Methods: A series of 72 consecutive patients who were operated on for nonsyndromic complete unilateral cleft lip and palate were included in this study at approximately the age of 10 years. Thirty-four were treated according to the Malek surgical treatment protocol: the soft palate was closed at a mean (SD) age of 3.04 (0.20) months, followed by simultaneous repair of the lip and hard palate at 6.15 (0.67) months. Thirty-eight underwent 1-stage all-in-one (AIO) closure of the lip and hard and soft palates at 2.98 (0.16) months. Craniofacial morphology was evaluated by means of a digital cephalometric analysis. Cephalometric data were compared with a noncleft control group (n = 40) matched according to age. The same 2 series of children were followed up until 15 years of age, and the results were again compared.

Results: Statistical analysis (analysis of variance with post hoc Tukey test) showed in both groups who were operated on a decreased anteroposterior growth compared with the children without cleft at 10 years but the AIO group only was not different from the group without cleft. The maxillary (MxPI/SN) plane was significantly (P = 0.002) increased in the Malek cleft group compared with the AIO group with cleft. At 15 years of age, a difference was not observed anymore between the 2 groups for the anteroposterior growth or for the maxillary plane inclination.

Conclusions: One-stage AIO closure based on the Malek surgical principles provided good anteroposterior midfacial morphology and resulted in less opening of the maxillary plane to the anterior cranial base.
View Article and Find Full Text PDF

Download full-text PDF

Source
http://dx.doi.org/10.1097/SCS.0b013e3181b3ef71DOI Listing
September 2009

Vertical scar mammaplasty in gigantomastia: retrospective study of 115 patients treated using the modified lejour technique.

Aesthetic Plast Surg 2007 May-Jun;31(3):294-8

Department of Plastic, Aesthetic, and Reconstructive Surgery, Brugmann University Hospital, Place Van Gehuchten, Brussels, Belgium.

Since 1996, the original technique of superior pedicle vertical scar mammaplasty described by Lejour has been modified by decreasing skin and glandular undermining, limiting liposuction, avoiding tight glandular stitches, and adding a small horizontal scar for very large breasts. Between 1996 and 2002, 115 consecutive patients underwent a bilateral reduction mammaplasty of more than 500 g per breast using the modified Lejour technique. The early, late, and delayed complications were studied according to four parameters: glandular resection, age, smoking habits, and body mass index (BMI). There was no difference in terms of complications according to the glandular resection. Patients with a high BMI were found to have a higher rate of wound dehiscence. The occurrence of partial areolar necrosis proved to be related to smoking habits. Patients younger than 20 years presented a lower rate of seroma. The modified Lejour technique has proved to be safe and effective for large breasts.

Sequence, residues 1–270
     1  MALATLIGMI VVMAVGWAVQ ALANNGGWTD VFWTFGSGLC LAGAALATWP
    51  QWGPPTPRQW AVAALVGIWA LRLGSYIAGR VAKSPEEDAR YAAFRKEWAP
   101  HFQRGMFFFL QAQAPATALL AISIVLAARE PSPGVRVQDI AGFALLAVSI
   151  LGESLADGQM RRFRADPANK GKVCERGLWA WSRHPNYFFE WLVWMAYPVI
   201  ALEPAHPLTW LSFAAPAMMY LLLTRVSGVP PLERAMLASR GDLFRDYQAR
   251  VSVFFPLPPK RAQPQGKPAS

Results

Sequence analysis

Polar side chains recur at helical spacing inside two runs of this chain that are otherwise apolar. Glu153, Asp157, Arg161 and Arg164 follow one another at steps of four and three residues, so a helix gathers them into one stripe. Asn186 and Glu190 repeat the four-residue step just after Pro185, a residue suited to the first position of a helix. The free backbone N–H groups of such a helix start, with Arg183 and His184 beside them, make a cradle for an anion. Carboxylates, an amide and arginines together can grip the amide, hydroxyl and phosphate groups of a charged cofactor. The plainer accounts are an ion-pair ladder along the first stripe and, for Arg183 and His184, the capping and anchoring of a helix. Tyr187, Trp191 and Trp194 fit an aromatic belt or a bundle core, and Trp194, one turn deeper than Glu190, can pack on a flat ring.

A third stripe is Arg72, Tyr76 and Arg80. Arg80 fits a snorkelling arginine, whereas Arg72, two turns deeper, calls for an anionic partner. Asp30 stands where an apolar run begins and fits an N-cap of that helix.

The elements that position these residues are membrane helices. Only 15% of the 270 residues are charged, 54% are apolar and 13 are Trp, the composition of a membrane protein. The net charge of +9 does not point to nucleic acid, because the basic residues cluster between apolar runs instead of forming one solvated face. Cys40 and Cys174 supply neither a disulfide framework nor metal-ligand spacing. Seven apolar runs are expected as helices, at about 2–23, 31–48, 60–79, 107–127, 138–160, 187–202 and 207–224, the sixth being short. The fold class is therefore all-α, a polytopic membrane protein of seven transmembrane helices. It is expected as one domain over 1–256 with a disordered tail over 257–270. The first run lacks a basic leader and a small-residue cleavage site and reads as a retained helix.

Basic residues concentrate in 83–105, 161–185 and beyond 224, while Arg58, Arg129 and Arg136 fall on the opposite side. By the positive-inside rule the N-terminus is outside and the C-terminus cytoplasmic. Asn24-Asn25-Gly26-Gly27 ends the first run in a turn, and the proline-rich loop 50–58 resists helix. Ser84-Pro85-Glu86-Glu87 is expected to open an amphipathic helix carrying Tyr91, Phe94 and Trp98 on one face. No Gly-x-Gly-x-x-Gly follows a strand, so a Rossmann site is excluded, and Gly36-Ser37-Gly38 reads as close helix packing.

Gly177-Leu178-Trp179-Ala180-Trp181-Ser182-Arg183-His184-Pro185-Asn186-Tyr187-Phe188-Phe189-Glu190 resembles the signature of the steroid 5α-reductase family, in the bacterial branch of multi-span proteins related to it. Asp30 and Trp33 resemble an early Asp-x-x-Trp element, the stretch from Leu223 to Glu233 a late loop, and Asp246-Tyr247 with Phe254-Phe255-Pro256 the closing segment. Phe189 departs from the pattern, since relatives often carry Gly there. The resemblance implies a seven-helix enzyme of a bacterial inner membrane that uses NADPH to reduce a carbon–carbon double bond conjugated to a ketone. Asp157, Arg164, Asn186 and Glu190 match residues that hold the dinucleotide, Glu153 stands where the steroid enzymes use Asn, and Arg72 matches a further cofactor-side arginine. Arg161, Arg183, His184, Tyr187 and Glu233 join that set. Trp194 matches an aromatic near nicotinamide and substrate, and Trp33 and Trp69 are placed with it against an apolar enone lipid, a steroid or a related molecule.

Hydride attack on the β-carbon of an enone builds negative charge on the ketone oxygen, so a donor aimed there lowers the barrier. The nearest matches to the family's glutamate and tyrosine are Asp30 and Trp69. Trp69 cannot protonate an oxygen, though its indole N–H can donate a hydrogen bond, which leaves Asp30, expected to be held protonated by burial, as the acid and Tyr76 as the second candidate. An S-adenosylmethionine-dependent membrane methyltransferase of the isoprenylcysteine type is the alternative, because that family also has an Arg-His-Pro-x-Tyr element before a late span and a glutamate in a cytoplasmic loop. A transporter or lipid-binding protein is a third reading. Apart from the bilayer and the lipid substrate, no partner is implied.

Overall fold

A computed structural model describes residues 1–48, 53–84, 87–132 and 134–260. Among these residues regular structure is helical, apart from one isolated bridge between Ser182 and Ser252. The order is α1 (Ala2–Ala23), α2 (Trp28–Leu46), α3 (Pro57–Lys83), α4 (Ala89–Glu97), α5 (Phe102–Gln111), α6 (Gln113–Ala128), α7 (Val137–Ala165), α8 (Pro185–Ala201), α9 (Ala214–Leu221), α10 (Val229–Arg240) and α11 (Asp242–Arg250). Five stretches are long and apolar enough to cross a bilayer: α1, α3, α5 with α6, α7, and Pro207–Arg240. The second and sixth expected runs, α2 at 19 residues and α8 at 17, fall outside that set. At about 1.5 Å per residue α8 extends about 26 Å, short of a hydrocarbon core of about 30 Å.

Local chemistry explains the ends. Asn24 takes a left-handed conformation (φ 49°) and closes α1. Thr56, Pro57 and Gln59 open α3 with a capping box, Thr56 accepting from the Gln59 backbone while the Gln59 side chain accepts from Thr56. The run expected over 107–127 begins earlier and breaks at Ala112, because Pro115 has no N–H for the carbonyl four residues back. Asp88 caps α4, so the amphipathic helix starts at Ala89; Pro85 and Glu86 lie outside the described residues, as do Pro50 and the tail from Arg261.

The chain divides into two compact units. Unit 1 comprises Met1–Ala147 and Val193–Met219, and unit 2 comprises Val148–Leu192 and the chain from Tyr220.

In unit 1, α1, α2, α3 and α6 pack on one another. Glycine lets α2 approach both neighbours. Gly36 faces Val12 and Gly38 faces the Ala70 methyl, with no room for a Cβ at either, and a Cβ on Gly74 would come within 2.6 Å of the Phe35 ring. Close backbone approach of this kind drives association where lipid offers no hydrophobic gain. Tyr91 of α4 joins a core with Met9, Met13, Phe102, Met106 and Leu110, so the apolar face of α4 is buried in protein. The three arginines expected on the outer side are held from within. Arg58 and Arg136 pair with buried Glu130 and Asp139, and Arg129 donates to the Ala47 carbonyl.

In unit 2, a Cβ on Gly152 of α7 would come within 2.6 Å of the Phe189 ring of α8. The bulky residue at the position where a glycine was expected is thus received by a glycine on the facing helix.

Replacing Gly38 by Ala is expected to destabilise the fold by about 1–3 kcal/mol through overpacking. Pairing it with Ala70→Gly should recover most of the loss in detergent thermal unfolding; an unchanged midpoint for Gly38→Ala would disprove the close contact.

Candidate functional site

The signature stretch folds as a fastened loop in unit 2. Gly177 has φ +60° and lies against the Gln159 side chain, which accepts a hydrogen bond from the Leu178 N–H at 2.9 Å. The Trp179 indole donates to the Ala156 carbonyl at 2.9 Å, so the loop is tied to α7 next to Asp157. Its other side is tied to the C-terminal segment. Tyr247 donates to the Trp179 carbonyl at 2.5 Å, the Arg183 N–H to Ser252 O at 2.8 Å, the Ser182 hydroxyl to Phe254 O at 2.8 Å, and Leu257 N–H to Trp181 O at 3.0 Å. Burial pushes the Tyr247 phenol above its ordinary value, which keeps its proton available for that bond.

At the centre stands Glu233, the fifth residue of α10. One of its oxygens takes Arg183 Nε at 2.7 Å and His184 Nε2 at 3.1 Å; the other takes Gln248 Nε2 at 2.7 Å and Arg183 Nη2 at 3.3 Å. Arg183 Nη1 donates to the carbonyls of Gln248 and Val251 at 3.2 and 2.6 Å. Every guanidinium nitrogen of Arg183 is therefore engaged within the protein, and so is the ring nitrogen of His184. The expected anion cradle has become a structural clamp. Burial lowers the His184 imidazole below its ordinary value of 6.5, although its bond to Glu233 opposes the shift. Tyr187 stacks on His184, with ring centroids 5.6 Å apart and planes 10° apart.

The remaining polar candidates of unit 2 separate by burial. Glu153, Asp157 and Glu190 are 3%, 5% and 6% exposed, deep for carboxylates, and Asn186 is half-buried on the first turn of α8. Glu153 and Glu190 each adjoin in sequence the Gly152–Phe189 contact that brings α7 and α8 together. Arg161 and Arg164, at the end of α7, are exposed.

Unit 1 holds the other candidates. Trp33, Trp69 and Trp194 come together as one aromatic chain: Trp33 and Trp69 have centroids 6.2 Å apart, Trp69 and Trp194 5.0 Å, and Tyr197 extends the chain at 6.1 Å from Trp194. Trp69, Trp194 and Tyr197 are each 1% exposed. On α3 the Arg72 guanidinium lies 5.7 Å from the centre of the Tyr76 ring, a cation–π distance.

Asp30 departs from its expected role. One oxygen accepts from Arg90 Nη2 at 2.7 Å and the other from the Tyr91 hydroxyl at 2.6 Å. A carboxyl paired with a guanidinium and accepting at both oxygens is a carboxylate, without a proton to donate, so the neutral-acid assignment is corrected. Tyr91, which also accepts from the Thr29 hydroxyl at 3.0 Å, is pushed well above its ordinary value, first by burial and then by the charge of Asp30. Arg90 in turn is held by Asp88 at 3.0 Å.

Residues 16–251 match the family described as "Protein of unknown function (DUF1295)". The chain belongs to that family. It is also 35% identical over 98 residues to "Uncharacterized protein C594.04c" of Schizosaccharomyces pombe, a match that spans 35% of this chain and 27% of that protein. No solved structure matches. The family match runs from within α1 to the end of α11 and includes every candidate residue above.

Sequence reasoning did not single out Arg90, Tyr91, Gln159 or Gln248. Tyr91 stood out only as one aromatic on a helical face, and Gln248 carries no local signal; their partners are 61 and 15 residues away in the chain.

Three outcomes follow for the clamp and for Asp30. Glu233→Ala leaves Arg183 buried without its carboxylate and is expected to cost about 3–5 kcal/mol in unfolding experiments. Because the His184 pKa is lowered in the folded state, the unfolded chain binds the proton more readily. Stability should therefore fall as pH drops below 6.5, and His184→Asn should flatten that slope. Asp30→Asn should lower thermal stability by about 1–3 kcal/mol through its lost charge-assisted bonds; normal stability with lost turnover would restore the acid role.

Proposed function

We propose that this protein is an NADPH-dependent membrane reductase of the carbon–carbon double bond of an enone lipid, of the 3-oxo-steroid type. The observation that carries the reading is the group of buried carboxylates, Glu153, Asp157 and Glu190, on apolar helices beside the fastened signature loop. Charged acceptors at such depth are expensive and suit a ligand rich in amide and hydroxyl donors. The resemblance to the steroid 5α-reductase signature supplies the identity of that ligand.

View Article and Find Full Text PDF

Download full-text PDF

Source
http://dx.doi.org/10.1007/s00266-006-0227-0DOI Listing
September 2007

Primary cutaneous marginal zone B-cell lymphoma of MALT type in a child.

Pediatr Dev Pathol 2006 Nov-Dec;9(6):468-73

Department of Anatomic Pathology, Centre Hospitalier Universitaire Saint-Pierre/Institut Jules Bordet, Institut Jules Bordet, 1 rue Héger-Bordet, 1000 Brussels, Belgium.

Marginal zone B-cell lymphoma (MZBCL) of mucosa-associated lymphoid tissue type is a peculiar variant of B-cell neoplasm showing distinct clinical and pathologic features. Its occurrence in children or adolescents is extremely uncommon. We describe the case of an 11-year-old boy who developed such a lymphomatous process involving primarily the skin. The tumor was characterized by a maturing plasma cell population that included immunoblasts, heavy-chain but not light-chain restriction suggestive of monoclonality, and a prevalent, focally granulomatous component of histiocytes. As an additional interesting feature, a trisomy 3 was demonstrated by fluorescence in situ hybridization analysis. The clinical, morphological, phenotypic, and genetic characteristics seen in our patient do not differ significantly from those described in primary cutaneous MZBCL occurring in adults.
View Article and Find Full Text PDF

Download full-text PDF

Source
http://dx.doi.org/10.2350/06-01-0006.1DOI Listing
January 2007

Study of changes in nasal morphology in children with complete unilateral cleft lip and palate after secondary bone grafting measured with image analysis.

Scand J Plast Reconstr Surg Hand Surg 2006 ;40(6):345-51

Plastic Surgery Department, Brugmann University Hospital, University of Brussels, Belgium.

We aimed to evaluate retrospectively changes in the nasal appearance after secondary bone grafting in children with complete unilateral cleft lip and palate in 41 consecutive patients. Basal view photographs were analysed by a software program (ASYMNOS, for asymmetry of nostrils, available on simple request) that computes comparative functions between both nostrils and gives an objective score. These data were compared with those of a control group. The measurements and scores were calculated for each group, and then the global objective scores were correlated with the subjective scores that resulted from an independent external panel that ranked the aesthetic aspects of the nostrils. There was a significant improvement in the nasal symmetry postoperatively that resulted from a decrease in height between the nostrils, and a positive correlation between the objective and subjective scores.